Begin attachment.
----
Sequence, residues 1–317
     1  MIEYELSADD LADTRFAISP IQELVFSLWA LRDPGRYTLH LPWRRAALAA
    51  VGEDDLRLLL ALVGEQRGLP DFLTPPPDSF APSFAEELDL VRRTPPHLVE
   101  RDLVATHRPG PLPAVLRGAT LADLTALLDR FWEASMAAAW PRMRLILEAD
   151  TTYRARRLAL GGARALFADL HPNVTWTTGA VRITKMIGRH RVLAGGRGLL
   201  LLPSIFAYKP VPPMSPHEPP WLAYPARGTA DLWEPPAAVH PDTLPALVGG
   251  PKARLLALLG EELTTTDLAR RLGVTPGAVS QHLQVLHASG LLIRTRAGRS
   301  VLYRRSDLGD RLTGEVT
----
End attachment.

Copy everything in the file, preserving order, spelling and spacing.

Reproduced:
Sequence, residues 1–317
     1  MIEYELSADD LADTRFAISP IQELVFSLWA LRDPGRYTLH LPWRRAALAA
    51  VGEDDLRLLL ALVGEQRGLP DFLTPPPDSF APSFAEELDL VRRTPPHLVE
   101  RDLVATHRPG PLPAVLRGAT LADLTALLDR FWEASMAAAW PRMRLILEAD
   151  TTYRARRLAL GGARALFADL HPNVTWTTGA VRITKMIGRH RVLAGGRGLL
   201  LLPSIFAYKP VPPMSPHEPP WLAYPARGTA DLWEPPAAVH PDTLPALVGG
   251  PKARLLALLG EELTTTDLAR RLGVTPGAVS QHLQVLHASG LLIRTRAGRS
   301  VLYRRSDLGD RLTGEVT